Insurers paying ransomware demandsJanuary 2021
The BBC reported this week on the ABI’s defence of the practice of insurers paying ransomware payments under cyber policies (https://www.bbc.co.uk/news/technology-55811165). This followed comments by the former head of the National Cyber Security Centre that insurers were ‘funding organised crime” by paying ransomware demands and his call for a change in the law to ban such payments. Subject certain checks, paying ransomware payments in the UK is generally legal, albeit the official position of the Government and law enforcement authorities remains that the practice is a bad idea and ransomware payments should not be made as it simply encourages more future attacks.
Andrew Jones, Senior Associate in the Cyber Risks team at Beale & Co, commented:
“The potential financial cost to companies and their insurers of being unable to access IT systems for a prolonged period of time can be much larger than the ransom payment demanded and potentially put companies out of business. Insurers’ willingness to cover ransom payments can therefore be a life-saver for the insured companies involved.
As the ABI pointed out, however, insurance for ransom payments is not an alternative to good risk management and taking the steps to minimise the risks of a ransomware attack in the first place. In particular, companies should put in place effective cybersecurity and keep regular system back-ups in multiple locations, including off-site “cold” locations which cannot be accessed by hackers. The insurance market’s exposure to ransomware attacks has increased significantly in the last 18 months, tied in with an increase in the amounts being demanded by the cybercriminals involved. Such ever-increasing insurance losses cannot continue to be paid by the insurance market and insurers may soon well need to introduce stricter policy conditions requiring minimum compliance by policyholders as to risk management, in particular off-site secure system backups. With such backups in place, the efficacy of ransomware attacks drops significantly and an affected company can (usually) relatively quickly and cheaply, compared to the ransoms demanded, get its IT system back up and running.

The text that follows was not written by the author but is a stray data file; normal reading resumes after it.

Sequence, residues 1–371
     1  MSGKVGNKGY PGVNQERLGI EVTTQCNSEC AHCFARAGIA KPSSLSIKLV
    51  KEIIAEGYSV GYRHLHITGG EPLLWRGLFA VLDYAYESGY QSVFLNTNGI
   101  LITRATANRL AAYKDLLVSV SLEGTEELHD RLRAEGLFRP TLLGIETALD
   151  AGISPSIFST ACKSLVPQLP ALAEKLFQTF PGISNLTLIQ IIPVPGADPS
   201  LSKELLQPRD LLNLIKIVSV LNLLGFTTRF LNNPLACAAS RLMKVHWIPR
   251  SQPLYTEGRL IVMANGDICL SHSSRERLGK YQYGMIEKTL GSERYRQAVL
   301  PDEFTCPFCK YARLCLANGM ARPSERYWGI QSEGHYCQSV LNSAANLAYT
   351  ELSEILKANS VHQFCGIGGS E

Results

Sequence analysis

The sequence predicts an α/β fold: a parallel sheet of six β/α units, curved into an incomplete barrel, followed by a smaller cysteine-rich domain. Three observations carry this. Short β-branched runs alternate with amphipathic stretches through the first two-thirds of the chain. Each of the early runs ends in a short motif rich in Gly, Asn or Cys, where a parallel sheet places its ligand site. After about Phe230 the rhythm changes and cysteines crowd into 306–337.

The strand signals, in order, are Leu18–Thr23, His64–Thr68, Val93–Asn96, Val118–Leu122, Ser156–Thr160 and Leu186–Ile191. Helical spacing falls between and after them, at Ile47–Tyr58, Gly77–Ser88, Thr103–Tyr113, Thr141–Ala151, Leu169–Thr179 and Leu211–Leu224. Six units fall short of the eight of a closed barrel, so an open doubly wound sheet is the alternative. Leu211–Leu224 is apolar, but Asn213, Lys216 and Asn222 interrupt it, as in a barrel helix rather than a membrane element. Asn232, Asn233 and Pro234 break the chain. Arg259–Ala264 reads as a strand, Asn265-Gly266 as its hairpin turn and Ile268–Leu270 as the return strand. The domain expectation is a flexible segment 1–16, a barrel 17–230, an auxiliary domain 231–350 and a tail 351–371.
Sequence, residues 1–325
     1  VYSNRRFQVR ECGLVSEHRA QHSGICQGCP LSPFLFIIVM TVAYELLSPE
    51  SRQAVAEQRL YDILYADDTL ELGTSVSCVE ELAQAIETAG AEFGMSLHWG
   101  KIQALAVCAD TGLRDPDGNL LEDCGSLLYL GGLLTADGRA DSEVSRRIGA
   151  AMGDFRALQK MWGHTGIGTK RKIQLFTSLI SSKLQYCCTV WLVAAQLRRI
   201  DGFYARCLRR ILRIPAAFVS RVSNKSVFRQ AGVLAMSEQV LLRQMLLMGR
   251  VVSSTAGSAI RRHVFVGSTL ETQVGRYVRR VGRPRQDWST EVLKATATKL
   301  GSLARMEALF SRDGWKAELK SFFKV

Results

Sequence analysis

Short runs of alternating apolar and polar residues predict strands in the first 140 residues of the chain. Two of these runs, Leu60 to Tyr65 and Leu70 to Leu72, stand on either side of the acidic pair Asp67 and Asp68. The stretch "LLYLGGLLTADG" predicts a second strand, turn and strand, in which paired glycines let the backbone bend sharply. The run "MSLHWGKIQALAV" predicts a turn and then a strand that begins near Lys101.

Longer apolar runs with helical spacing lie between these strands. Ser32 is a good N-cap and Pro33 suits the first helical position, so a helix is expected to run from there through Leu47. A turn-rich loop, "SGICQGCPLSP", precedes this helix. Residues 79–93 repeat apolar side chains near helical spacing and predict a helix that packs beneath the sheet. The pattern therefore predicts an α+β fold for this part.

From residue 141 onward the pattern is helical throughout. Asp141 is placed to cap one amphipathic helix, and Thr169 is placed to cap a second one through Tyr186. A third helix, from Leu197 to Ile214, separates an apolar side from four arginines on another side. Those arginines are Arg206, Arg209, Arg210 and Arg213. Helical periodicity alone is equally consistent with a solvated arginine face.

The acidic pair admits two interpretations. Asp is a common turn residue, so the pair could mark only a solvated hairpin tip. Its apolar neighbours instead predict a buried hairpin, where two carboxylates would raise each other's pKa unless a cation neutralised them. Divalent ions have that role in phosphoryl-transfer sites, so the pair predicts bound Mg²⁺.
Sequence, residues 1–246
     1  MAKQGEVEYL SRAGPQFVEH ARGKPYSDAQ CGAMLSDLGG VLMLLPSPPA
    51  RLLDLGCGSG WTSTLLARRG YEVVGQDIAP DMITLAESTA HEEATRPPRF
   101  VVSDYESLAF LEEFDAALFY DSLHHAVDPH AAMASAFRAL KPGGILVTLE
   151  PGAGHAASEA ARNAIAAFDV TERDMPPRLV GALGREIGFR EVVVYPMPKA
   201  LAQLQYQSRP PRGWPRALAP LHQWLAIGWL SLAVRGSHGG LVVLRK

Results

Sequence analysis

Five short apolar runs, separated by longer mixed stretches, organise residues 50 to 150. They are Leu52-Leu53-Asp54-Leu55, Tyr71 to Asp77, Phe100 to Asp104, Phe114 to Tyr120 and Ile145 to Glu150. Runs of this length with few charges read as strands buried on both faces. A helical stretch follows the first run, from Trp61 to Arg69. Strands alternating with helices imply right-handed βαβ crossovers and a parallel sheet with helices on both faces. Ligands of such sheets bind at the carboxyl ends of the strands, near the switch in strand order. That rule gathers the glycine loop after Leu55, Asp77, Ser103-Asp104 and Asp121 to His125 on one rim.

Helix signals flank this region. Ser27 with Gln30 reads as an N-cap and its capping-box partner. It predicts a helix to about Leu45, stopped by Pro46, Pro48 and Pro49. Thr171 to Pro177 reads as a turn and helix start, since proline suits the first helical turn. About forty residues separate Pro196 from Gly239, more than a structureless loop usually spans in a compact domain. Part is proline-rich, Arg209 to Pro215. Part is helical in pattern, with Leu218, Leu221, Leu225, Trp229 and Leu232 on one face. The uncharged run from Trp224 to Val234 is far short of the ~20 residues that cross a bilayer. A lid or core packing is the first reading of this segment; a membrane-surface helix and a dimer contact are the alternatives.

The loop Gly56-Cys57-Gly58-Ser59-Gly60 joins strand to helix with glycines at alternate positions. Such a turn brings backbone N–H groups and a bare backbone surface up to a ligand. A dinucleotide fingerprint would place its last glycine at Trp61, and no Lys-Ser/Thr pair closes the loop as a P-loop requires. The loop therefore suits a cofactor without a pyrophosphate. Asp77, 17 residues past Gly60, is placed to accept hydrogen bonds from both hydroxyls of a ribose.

It is also worth remembering that ransom payments do not legally become the criminal’s ‘property’ following payment, and can be potentially traced and recovered, including payments made in Bitcoin and other cryptocurrency. Insurers should always consider the possibility of “tagging” and subsequently seeking to trace and recover such ransomware payments – expert cryptocurrency forensic firms are becoming increasingly adept on such issues and the English Courts are also assisting in the tracing efforts through their willingness to grant various types of injunctions to track down and freeze these criminally obtained ransom payments.”